In the lead-up to the COP 27 climate summit, a food systems think tank is calling for more discussion of “agroecology” and warning that corporations can exploit less well-defined terms to greenwash, while maintaining business-as-usual operations.
“Very loose terms like ‘nature-based solutions’ are being bandied about in international summits without clear definitions, and they’re open to being mobilized in the interests of all kinds of agendas. At worst, they are a cover for green grabs that undermine people’s rights and threaten the land and resources they depend on,” warned Melissa Leach, a food expert with the International Panel of Experts on Sustainable Food Systems (IPES) director of the Institute of Development Studies.
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“COP 27 must be really careful about the use of these ambiguous terms and reject solutions that are not clearly defined,” she added.
In a new report, IPES analyzes three concepts for food systems change—agroecology, regenerative agriculture, and nature-based solutions—that are often grouped together but imply different things. Because the three concepts have been researched and spelled out to differing degrees, those that are less comprehensively defined can be exploited by stakeholders trying to suppress transformative food system changes, IPES says.
With this year’s climate conference in Sharm el-Sheikh, Egypt, promising to be the first COP climate summit to prominently feature food systems, IPES is urging policy-makers to “reject solutions that lack definitions, exploit ambiguity, and mask agribusiness as usual” by adopting agroecology as an approach and as a term. It’s “the only concept among the three that has attained clarity and conceptual maturity through a long process of inclusive and international deliberation,” the group says.
“Getting food systems on the global agenda isn’t enough,” IPES stresses. “we must ensure inclusive global processes based on a shared understanding of food system transformation and a comprehensive (socially and environmentally) sustainable food system vision.”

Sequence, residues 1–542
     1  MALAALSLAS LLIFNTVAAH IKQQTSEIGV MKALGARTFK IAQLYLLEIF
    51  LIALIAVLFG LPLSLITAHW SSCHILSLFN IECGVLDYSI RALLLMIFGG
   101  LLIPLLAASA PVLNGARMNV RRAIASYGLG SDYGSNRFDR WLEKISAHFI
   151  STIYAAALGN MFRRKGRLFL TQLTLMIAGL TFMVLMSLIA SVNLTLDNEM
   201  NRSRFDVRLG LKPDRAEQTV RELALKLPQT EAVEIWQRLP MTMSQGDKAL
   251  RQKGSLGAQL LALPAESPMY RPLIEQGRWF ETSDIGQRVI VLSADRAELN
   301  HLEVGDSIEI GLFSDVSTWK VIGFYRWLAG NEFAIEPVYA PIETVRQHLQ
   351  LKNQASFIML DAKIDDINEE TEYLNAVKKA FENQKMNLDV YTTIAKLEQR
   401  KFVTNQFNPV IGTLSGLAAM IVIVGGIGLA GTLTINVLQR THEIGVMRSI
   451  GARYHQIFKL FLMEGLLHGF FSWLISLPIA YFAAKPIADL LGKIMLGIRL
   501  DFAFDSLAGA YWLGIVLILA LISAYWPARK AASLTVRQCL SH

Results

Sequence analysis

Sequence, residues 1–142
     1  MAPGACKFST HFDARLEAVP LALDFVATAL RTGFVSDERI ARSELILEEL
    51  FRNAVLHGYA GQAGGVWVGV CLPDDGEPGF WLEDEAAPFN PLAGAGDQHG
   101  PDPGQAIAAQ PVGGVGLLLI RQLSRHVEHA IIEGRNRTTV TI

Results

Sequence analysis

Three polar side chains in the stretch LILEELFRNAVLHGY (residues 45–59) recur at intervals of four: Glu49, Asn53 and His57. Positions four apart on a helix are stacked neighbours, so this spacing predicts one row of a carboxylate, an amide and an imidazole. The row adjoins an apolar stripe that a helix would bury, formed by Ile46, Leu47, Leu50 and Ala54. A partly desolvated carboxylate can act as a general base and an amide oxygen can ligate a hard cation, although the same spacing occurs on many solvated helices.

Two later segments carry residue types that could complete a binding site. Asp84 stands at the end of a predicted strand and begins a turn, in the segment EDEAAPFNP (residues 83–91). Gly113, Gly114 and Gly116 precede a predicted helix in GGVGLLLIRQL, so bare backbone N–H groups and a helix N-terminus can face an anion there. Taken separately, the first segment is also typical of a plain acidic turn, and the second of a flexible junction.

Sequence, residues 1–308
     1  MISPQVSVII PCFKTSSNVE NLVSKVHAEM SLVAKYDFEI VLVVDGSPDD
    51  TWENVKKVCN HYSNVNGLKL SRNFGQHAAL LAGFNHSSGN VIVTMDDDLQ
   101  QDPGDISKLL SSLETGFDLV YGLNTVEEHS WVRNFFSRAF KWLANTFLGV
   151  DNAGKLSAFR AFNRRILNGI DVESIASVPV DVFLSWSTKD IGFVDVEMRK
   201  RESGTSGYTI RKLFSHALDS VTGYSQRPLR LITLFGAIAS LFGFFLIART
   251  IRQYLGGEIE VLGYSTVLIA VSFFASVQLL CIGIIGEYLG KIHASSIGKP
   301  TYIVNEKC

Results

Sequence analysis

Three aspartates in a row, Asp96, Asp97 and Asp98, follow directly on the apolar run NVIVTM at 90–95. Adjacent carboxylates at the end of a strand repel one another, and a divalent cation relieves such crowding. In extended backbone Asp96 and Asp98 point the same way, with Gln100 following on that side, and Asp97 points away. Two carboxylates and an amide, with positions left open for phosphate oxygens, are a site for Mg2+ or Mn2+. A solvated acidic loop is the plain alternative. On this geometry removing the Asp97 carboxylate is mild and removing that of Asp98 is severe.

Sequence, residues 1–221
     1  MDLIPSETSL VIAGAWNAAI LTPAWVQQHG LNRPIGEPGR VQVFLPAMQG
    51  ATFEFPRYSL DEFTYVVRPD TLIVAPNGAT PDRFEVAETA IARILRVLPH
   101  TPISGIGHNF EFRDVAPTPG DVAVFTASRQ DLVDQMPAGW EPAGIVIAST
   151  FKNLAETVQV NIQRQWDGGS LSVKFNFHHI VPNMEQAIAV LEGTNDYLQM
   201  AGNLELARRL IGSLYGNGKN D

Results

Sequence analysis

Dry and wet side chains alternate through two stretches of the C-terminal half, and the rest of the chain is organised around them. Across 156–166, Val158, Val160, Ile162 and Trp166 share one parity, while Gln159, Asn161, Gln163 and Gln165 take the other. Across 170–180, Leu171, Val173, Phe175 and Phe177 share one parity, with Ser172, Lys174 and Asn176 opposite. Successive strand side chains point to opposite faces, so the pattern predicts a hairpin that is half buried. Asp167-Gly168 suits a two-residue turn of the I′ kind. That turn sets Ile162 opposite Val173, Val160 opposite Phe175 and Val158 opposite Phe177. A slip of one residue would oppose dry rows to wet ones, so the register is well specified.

The report casts agroecology as a comprehensive pathway towards food system sustainability that, despite being clearly defined, has been sidelined in food systems, climate, and biodiversity summits. The concept has its origins in Indigenous peoples’ approach to food systems—an approach that preserves and enriches ecosystems that “are interconnected with language, traditional knowledge, governance, and cultural heritage.”
A bibliometric analysis that IPES conducted for the report highlights the strength of the concept—it found 2,921 studies that mention agroecology, compared to only 212 mentioning nature-based solutions and 143 for regenerative agriculture.
Regenerative agriculture, which is closely linked with the organic farming movement of the 1980s and 90s, has become more widely-known of late. But although regenerative practices often reflect agroecological principles—and sometimes include social justice considerations—the term’s comparatively sparse background allows leading food manufacturers and retailers to now redefine It. That has them touting “regenerative agriculture through proliferating corporate sustainability schemes—sometimes using the term interchangeably with ‘carbon farming’ and ‘no-till’ agriculture, often watering it down in the process,” writes IPES.
Nature-based solutions is the newest concept of the three. It is most often used to describe climate change mitigation and carbon offset schemes and emphasizes environmental benefits while largely ignoring social and human rights issues, IPES says. The limited scope and sparse literature backing nature-based solutions leaves the concept vulnerable to being exploited and misappropriated to protect corporate interests.
“Nature-based solutions is increasing in currency across governance spaces, despite growing concerns over its lack of commonly agreed definition and principles (or perhaps because of this fluidity),” says IPES.
“Civil society groups have already warned that fossil fuel majors and agribusinesses are using nature-based solutions to greenwash their activities and continue expanding core developments (and net emissions) while engaging in carbon offsetting.”
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